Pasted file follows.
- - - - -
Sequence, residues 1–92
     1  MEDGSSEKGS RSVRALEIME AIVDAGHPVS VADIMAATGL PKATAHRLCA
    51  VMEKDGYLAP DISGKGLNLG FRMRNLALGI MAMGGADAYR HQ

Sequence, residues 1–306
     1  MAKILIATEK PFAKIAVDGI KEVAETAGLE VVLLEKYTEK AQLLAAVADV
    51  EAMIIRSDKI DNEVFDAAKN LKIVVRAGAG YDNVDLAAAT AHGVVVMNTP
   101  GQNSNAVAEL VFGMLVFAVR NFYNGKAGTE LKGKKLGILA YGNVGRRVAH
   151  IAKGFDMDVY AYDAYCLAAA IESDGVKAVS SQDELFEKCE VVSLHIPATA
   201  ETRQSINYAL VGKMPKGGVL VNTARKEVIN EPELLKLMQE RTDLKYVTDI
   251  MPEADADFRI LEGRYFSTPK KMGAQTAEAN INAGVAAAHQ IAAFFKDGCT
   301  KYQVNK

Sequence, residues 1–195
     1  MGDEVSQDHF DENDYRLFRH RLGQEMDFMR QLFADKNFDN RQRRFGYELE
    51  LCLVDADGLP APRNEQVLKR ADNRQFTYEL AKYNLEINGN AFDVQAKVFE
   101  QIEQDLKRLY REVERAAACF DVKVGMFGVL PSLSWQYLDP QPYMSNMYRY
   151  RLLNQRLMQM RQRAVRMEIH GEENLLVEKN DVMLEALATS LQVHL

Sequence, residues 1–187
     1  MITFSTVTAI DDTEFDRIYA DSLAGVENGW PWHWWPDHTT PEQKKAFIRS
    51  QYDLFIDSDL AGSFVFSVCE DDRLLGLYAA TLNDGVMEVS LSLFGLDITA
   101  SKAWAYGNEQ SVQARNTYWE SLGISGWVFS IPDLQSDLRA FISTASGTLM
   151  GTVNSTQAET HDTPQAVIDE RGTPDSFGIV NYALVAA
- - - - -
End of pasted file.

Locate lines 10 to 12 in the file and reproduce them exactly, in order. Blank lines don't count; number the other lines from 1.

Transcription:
   251  MPEADADFRI LEGRYFSTPK KMGAQTAEAN INAGVAAAHQ IAAFFKDGCT
   301  KYQVNK

Sequence, residues 1–195